When the Dubai World Championship entered the golf scene 12 months ago it was billed with a hyperbolic play on words as "The Greatest Show on Earth".
Lee Westwood's masterclass made for a memorable opening to the event at the Earth Course last year, and things are nicely set for an even more exciting four days in this year's event
It has effectively become the final eliminator for the world championship of 2010 with Martin Kaymer and Graeme McDowell competing for that unofficial honour, watched closely by Westwood, the man who arrived in Dubai officially holding the title of the best player on the planet.
With the rest of Europe's victorious Ryder Cup team providing the supporting cast along with a trio of South African major champions in Ernie Els, Retief Goosen and Louis Oosthuizen, the line-up at Jumeirah Golf Estates is as strong as they come.
In recent times, the Fed-Ex play-offs in the United States have been recognised as the most important climax to the golfing year and that series of PGA Tour events crowned Jim Furyk as champion.
Kaymer, however, expressed the opinion that the Race to Dubai which draws a memorable European season to a close on the Greg Norman-designed course this weekend, is a better structured seasonal finale.
Players in Europe initially focus on earning the right to travel to Dubai because only 60 of them are allowed into the event. Then, once the big guns have earned enough euros to secure their entry, they think about much greater things as Kaymer and McDowell are doing now.
Kaymer, who has led the Race to Dubai since capturing his first major title in the US PGA Championship in August, and McDowell, who occupies second place largely on the strength of his US Open triumph in June, go head to head in the last event of the campaign for the right to be crowned Europe's top golfer.
As Rory McIlroy, leader of the Race at this time last year, observed, you have to win a major nowadays to have any chance of finishing top of the European money list.
Westwood proved that theory wrong last year by storming to his DWC and Race double, but nobody in recent times has gone closer to winning a major without doing so than the consistent Englishman.
The declaration by Westwood in the first month of his reign as world No 1 to remain more committed to Europe than what used to be the superior partner across the Atlantic gives the European Tour a fantastic boost.
Likewise, the about-turn by McIlroy's who is cancelling his PGA membership after a single year on Tour, the Northern Irishman observing that it is "not a good fit" in a European golfer's way of life.
Most striking of all, however, was the announcement of Kaymer, who could finish this week as world No 1, that he has no interest in spending more than the basic amount of time in the United States.
He is still lamenting the go-kart accident that cost him an outstanding chance to win the first Race to Dubai and he is determined to make amends this year and in the future.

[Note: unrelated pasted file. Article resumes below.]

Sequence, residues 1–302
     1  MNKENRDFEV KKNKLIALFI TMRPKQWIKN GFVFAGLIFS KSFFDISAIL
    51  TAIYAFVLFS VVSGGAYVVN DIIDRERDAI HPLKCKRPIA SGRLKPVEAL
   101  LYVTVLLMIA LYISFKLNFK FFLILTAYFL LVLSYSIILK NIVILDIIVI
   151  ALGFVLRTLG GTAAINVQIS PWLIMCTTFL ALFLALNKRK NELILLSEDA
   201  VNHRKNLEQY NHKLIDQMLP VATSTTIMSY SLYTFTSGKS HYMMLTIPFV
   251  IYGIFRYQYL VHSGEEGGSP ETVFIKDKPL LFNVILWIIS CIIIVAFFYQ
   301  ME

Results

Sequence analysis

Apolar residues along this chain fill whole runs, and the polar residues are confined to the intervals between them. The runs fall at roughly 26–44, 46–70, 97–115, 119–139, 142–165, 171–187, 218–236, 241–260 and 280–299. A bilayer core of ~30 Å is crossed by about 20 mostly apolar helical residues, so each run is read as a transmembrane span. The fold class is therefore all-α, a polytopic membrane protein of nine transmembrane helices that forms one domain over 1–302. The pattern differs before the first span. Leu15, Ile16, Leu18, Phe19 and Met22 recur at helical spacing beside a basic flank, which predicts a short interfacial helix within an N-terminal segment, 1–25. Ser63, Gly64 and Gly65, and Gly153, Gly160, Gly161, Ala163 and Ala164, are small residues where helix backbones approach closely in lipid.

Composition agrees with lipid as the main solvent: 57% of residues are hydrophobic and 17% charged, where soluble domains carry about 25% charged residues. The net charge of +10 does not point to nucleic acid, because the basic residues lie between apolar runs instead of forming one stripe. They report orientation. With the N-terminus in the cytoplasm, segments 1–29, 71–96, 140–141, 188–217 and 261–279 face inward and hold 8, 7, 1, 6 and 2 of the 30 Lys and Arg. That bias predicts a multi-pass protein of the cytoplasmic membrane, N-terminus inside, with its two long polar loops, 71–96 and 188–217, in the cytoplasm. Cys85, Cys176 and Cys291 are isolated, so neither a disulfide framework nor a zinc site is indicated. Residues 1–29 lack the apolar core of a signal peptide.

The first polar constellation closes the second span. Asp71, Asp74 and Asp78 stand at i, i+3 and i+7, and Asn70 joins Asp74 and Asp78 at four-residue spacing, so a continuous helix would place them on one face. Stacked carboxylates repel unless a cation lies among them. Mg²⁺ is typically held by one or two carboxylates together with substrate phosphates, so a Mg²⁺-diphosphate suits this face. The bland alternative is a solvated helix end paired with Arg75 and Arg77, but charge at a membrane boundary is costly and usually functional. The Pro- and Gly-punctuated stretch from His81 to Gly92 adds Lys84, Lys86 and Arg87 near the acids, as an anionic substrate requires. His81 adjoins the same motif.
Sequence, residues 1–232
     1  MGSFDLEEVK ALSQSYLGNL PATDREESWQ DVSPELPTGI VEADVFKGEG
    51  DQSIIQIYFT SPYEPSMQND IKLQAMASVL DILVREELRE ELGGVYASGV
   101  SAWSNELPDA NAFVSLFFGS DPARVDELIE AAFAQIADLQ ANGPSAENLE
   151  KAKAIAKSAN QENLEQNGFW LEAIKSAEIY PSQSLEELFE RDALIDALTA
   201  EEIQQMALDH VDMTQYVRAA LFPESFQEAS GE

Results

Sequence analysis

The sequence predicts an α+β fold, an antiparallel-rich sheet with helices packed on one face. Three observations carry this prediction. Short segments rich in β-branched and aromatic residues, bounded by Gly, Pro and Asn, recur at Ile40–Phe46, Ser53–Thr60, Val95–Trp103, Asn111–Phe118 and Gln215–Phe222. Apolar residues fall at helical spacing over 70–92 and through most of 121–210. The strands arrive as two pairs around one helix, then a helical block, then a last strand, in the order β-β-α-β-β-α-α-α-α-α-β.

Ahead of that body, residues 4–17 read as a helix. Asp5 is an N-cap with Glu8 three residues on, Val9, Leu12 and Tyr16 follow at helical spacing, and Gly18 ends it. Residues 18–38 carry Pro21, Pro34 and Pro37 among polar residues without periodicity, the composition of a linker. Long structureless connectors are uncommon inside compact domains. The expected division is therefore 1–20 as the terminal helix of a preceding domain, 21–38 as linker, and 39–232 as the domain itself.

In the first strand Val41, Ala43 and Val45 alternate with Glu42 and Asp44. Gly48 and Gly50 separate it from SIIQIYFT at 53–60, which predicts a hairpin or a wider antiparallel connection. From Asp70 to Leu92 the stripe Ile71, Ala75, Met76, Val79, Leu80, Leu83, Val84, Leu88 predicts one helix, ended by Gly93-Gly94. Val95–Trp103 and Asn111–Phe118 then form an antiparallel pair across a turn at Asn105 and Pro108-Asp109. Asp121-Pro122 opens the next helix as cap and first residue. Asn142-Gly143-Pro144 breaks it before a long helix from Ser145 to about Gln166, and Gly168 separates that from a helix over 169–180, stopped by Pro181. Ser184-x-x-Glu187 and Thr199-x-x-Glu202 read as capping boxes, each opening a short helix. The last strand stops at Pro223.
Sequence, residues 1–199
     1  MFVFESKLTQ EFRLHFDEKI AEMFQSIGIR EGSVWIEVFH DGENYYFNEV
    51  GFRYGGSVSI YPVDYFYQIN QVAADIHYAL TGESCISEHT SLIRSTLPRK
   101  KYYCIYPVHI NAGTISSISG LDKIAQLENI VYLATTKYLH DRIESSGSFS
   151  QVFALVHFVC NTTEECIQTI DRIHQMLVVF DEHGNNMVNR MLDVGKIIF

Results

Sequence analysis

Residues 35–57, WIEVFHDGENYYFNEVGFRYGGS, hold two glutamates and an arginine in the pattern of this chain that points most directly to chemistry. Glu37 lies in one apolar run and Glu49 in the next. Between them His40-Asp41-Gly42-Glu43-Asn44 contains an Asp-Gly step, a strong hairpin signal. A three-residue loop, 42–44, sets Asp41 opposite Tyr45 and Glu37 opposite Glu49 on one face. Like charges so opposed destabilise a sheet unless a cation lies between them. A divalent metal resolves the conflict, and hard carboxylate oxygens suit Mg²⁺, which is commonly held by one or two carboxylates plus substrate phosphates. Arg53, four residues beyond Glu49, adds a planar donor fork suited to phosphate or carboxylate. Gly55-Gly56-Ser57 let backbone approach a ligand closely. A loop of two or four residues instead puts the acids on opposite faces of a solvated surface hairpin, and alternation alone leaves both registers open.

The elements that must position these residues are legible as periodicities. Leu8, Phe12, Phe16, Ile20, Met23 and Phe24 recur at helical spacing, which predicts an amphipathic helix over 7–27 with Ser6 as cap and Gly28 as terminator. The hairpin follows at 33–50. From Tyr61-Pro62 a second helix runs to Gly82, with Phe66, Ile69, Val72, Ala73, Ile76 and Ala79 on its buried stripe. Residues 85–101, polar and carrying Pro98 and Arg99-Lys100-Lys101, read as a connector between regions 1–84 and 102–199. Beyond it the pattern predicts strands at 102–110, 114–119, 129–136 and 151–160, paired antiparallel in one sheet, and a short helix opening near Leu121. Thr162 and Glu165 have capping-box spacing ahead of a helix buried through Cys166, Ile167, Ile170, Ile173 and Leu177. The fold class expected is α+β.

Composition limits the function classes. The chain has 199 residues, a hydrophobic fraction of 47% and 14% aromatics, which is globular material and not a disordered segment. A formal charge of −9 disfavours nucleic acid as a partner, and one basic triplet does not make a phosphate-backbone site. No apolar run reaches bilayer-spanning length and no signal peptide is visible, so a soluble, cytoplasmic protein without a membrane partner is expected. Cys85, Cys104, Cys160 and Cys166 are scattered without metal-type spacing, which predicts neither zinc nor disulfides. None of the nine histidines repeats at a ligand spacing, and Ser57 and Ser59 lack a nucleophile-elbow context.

McDowell takes a more conciliatory stance to the PGA Tour he has supported since 2006 and indicated that his itinerary will remain well balanced in 2011.
That view is likely to change, though in 2012 for the man who sealed Europe's Ryder Cup victory last month.
The thought of losing his place in that 12-man team is too frightening to contemplate and he has promised to spend more of his time on the European Tour to ensure his qualification without a need for a wild card.
McIlroy is a long-standing close friend of fellow Ulsterman McDowell and that friendship has turned into fierce rivalry as the two occupy 10th and ninth places respectively in the world rankings.
"I hate the fact that he has gone ahead of me," McIlroy said, as he assessed the prospects of his friend for the coming weekend.
"But if anyone deserves the main honour this year it is him because I've seen how hard he has been working lately."
McIlroy is almost as fond of Kaymer.
"The most impressive thing about him is his modesty," he said. "He has a very strong game and just gets on with his business.
The earnings gap of €290,000 (Dh1.4 million) means McDowell has to finish in the top three in the DWC to have any hope of winning the Race.
First place guarantees him the title; second place for McDowell would leave Kaymer needing to finish third, while a third placing for McDowell would require Kaymer to finish in the top 20. Tied positions make the mathematics even more complicated.
07:30 Thomas Aiken (Rsa), Soren Hansen (Den)
07:40 Robert-Jan Derksen (Ned), Johan Edfors (Swe)
07:50 Gregory Bourdy (Fra), Thomas Bjorn (Den)
08:00 Robert Rock (Eng), Marcus Fraser (Aus)
08:10 Henrik Stenson (Swe), Gary Boyd (Eng)
08:20 John Parry (Eng), Chris Wood (Eng)
08:30 Oliver Wilson (Eng), Richie Ramsay (Sco)
08:40 Soren Kjeldsen (Den), Brett Rumford (Aus)
08:50 Sergio Garcia (Spa), Ignacio Garrido (Spa)
09:00 Jamie Donaldson (Wal), Raphael Jacquelin (Fra)
09:15 Noh Seung-yul (Kor), Thongchai Jaidee (Thai)
09:25 YE Yang (Kor), Peter Lawrie (Ire)
09:35 Gareth Maybin (NI), Damien McGrane (Ire)
09:45 Alejandro Canizares (Spa), Gonzalo Fernandez-Castano (Spa)
09:55 Simon Dyson (Eng), Darren Clarke (NI)
10:05 David Horsey (Eng), Matteo Manassero (Ita)
10:15 Joost Luiten (Ned), Gregory Havret (Fra)
10:25 Stephen Gallacher (Sco), Simon Khan (Eng)
10:35 Retief Goosen (Rsa), Danny Willett (Eng)
10:45 Anders Hansen (Den), Robert Karlsson (Swe)
11:00 Fredrik Andersson Hed (Swe), Richard Green (Aus)
11:10 Padraig Harrington (Ire), Rhys Davies (Wal)
11:20 Peter Hanson (Swe), Alvaro Quiros (Spa)
11:30 Ross Fisher (Eng), Luke Donald (Eng)
11:40 Rory McIlroy (NI), Paul Casey (Eng)
11:50 Louis Oosthuizen (Rsa), Edoardo Molinari (Ita)
12:00 Charl Schwartzel (Rsa), Miguel Angel Jimenez (Spa)
12:10 Ernie Els (Rsa), Ian Poulter (Eng)
12:20 Francesco Molinari (Ita), Lee Westwood (Eng)
12:30 Graeme McDowell (NI), Martin Kaymer (Ger)